What we’re left with in Into The Pit is a really great set of ingredients. The art direction and visuals are excellent, the music is perfect, and the core mechanics are really well designed. It is absolutely fun to play, no question about it. However, due to a lack of variety and challenge, the magic quickly fades, and I found myself wondering what this game could have been rather than being able to fully enjoy what’s on offer. In many ways it feels like not-quite-final draft that needs more fleshing out, and ironically what Into The Pit needs most is more depth. It’s a great set of ideas on paper, it’s a good romp for a few hours at least, and I like a lot of what’s going on with it, but Into The Pit leaves just a little bit too much on the table for me to feel completely satisfied.
Alan Wake is a game that’s easy to get caught up in, featuring an atmosphere that’s rich and enticing, writing that is equally campy, charming, and exciting, and characters who are interesting and memorable, even in cases where they may be a little too directly related to their sources of inspiration. It truly is a thrilling experience, and while the game certainly still shows its age at times, it’s absolutely delightful to play through and this is easily the definitive way to do so.
Lost Judgment has so much going on in it, it’s kind of hard to paint a complete picture of what’s available. This is a full-fat experience, building on the promise of the first game and feeling like a much more well-realized iteration of the concept’s vision. In most ways, I think Lost Judgment is successful in proving it’s capable of carrying itself, though it has the double-edged fortune of both standing on the shoulders of last year’s epic Yakuza: Like a Dragon while also trying to escape its shadow. It’s a worthy follow-up that feels like it’s building up to something great, and while the narrative doesn’t conclude with quite the same impact as its forbear, it’s still a well-told story with depth, heart, and insight. The fact that the rest of the game is so rich and that the characters are so well written make Lost Judgment an easy recommendation, and its an adventure you won’t soon forget.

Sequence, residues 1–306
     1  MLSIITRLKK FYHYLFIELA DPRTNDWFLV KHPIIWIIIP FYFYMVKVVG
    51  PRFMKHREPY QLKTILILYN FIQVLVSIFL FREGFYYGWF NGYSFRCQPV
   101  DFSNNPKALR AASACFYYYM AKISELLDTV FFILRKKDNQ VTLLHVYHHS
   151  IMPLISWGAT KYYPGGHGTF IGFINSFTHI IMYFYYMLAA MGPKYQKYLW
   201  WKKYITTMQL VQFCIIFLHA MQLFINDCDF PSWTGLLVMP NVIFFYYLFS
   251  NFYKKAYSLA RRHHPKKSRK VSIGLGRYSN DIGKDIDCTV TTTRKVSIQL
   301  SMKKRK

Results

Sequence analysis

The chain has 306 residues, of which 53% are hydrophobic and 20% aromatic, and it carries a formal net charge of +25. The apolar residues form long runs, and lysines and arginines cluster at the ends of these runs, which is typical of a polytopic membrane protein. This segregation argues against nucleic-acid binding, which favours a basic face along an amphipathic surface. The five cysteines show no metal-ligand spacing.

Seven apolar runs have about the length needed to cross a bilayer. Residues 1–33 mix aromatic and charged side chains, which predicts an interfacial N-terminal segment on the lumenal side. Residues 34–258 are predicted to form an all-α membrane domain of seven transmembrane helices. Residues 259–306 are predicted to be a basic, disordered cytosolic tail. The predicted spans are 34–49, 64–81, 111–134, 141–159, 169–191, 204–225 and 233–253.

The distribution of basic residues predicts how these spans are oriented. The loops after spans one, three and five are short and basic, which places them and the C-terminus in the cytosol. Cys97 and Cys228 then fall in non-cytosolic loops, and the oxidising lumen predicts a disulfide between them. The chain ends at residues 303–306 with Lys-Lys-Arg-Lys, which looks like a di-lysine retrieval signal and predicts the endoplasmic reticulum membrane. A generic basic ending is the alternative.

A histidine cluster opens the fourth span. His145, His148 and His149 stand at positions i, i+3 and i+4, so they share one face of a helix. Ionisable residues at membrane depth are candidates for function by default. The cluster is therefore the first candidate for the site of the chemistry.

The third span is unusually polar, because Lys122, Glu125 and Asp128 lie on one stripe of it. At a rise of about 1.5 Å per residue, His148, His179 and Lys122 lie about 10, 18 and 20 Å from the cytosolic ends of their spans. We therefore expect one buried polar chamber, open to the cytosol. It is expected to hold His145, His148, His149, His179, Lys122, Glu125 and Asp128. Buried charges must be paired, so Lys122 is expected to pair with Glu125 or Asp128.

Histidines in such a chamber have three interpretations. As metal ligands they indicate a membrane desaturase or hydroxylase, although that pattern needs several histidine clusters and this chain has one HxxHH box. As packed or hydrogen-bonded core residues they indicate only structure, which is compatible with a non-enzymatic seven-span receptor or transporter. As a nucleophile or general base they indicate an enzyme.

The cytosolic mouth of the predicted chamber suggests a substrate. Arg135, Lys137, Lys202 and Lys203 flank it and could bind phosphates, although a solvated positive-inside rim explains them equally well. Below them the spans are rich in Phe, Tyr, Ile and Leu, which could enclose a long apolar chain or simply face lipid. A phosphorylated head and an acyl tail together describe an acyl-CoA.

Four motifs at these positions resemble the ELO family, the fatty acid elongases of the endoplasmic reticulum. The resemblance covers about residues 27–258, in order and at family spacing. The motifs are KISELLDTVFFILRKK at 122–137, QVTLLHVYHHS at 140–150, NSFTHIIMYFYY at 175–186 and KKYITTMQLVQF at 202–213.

Regardless, TOEM is a delightfully cute adventure and it’s a great way to spend a few hours getting lost in an idealized, zero risk adventure. It’s a perfect palette cleanser between games or at the end of a session of otherwise more action packed titles, or just a great way to chill out for an hour or two. I’d wager it also makes a great introduction to gaming for younger kids, and has the makings of something families can enjoy together, which definitely earns bonus points if you’ve got kids, family members, or partners who like to help find things or solve puzzles without being the one in control. Don’t let the simplicity of TOEM fool you, though; it’s a rich and entertaining experience that’s worth dipping into.
Minor shortcomings aside, Psychonauts 2 is the rare sequel that succeeds in living up to the hype and delivering on the promise set up by its predecessor and many years of anticipation. It is such a treat to spend more time in this world, and I will still staunchly argue that Psychonauts is the best stuff Doublefine has ever created. I love that this exists, I love that a whole new generation of gamers are getting the chance to experience this magnificent world for the first time, and it is so refreshing to see a game with so much creativity get the time, attention, and budget it deserves. Psychonauts 2 is a heartfelt, joyous adventure that ups the ante in every way, and I think it’s a must play experience for anybody who loves a good adventure.